By all indications the oceans are in trouble. For generations, Americans have become increasingly concerned with damage to those things with which we are most familiar - the air we breathe, the water we drink, and the land around us.
We have paid far less attention to the sea despite its importance to our lives. We are only now beginning to realize what a mistake this has been.
For too long we have used the oceans as a garbage dump. We have destroyed roughly half of the world's wetlands that serve as nurseries for fish and help cleanse many of the pollutants we generate. Over two-thirds of the world's fisheries are fully exploited, overfished, or depleted. Numerous species of marine mammals, including all six species of sea turtles found in US waters, are threatened with extinction. And the vast majority of the world's coral reefs are at risk from pollution, destructive fishing practices, and global warming.
The Pew Trusts focus on a wide variety of problems affecting the sea, including pollution, the spread of invasive species, the destruction of coastal habitat, etc.
Our primary emphasis is on fishing, however, simply because unsustainable fishing practices have the biggest negative impact on the marine environment globally. Although the task of reducing the scope and severity of a number of problems related to fishing, such as excess capacity, overfishing, bycatch, and the use of particularly destructive gear types, is far from simple, these problems are fixable.
Moreover, targeted efforts to address them now rather than letting them grow worse will provide huge benefits to fish, as well as to the men and women who catch them and consumers.
No fish, no fishermen

Needless to say, declining fish populations spell trouble for fishermen, their families, and the broader communities where they live. We do not want to see the kinds of fishery collapses in the future that we have had in recent years - collapses due entirely to the failure to properly manage these fisheries in ways that will ensure an abundance of fish, a healthy marine environment, and jobs for fishermen.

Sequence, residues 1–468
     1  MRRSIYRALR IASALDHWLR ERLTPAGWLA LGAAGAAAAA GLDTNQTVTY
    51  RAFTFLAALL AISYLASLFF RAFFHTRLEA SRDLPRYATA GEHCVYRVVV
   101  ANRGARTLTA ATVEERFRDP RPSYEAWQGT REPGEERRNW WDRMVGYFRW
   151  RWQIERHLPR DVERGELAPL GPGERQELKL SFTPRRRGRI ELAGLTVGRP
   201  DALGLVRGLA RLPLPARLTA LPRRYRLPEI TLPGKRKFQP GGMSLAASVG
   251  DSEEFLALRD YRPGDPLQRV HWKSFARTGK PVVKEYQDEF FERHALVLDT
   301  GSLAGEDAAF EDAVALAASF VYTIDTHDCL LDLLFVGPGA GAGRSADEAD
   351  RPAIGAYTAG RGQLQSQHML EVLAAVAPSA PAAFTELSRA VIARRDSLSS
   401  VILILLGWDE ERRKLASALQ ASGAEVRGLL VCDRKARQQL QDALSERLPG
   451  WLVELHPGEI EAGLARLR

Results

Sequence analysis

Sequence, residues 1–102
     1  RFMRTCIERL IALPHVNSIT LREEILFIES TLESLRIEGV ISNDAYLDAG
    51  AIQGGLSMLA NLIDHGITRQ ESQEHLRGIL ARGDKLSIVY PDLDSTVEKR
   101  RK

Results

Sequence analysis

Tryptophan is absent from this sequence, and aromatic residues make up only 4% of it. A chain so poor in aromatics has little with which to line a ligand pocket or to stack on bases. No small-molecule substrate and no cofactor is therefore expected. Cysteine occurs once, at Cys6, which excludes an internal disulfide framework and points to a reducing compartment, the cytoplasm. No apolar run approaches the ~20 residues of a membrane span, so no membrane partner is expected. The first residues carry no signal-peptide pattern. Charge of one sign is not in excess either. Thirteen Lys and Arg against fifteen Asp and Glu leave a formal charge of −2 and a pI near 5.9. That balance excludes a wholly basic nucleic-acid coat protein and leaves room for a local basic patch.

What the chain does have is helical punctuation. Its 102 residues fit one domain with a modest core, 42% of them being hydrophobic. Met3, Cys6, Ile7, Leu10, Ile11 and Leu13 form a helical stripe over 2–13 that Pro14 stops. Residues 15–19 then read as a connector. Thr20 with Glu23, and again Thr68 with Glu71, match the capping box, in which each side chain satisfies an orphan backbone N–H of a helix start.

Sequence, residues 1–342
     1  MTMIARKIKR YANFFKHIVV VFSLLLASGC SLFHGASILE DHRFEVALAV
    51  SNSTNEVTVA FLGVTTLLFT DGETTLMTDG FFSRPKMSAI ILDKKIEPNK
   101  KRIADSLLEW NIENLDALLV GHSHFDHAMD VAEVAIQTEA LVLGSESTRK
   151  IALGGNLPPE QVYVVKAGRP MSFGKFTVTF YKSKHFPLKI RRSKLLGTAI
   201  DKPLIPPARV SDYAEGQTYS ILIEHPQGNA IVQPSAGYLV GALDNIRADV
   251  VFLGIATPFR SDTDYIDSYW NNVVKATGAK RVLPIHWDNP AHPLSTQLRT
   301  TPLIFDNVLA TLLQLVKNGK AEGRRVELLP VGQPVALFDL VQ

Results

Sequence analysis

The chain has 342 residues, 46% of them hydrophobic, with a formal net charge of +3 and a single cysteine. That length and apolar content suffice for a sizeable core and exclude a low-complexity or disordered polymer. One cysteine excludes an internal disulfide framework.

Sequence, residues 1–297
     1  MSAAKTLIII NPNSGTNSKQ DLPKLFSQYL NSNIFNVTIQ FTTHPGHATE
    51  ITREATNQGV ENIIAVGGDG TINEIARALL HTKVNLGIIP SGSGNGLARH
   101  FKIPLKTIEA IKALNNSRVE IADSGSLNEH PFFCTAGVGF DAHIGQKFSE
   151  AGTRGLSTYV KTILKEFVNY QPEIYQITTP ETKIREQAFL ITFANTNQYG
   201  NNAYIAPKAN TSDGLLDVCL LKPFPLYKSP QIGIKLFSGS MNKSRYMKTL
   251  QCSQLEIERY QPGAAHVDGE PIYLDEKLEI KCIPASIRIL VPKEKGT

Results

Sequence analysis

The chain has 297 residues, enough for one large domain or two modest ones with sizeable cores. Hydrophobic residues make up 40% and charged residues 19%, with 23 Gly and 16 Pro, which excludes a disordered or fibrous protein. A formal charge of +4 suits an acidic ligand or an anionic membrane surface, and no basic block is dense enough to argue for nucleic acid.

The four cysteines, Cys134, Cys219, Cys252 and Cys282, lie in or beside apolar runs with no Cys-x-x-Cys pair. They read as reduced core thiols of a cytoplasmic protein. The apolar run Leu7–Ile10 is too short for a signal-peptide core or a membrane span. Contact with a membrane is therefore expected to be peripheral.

The collapse of the cod fishery in Nova Scotia and the closure of Georges Bank, some of the most productive fishing grounds in the world, have brought terrible hardship to many fishing communities. There is no reason why this should happen in the future.
Reversing the current situation will not be pain free. It will require reductions in fishing effort in some parts of the country, and with some stocks. It also will require changes in fishing practices that are particularly destructive to the marine environment.
A future with no fish is also one with no fishermen. We care about both. This is the simple reason behind our efforts to help restore a healthy balance to the marine environment. Allowing the current situation to deteriorate further would be a tragedy not only for the marine environment which provides a wide array of important services for the nation as a whole, but for the many people who depend on the sea directly and indirectly for a living.

Joshua Reichert directs the Environment Program of The Pew Charitable Trusts.

Extinction, survival or recovery of large predatory fishes

We conclude that management of multi-species fisheries needs to be tailored to the most sensitive, rather than the more robust species. This requires reductions in fishing effort, reduction in bycatch mortality and protection of key areas to initiate recovery of severely depleted communities.

"PEW and Reichert?s relationship with Greenpeace is rock solid. Reichert is a frequent co-author of articles with John Passacantando, executive director of Greenpeace USA."

Grants Overview 2002

Oil Money Gone Good?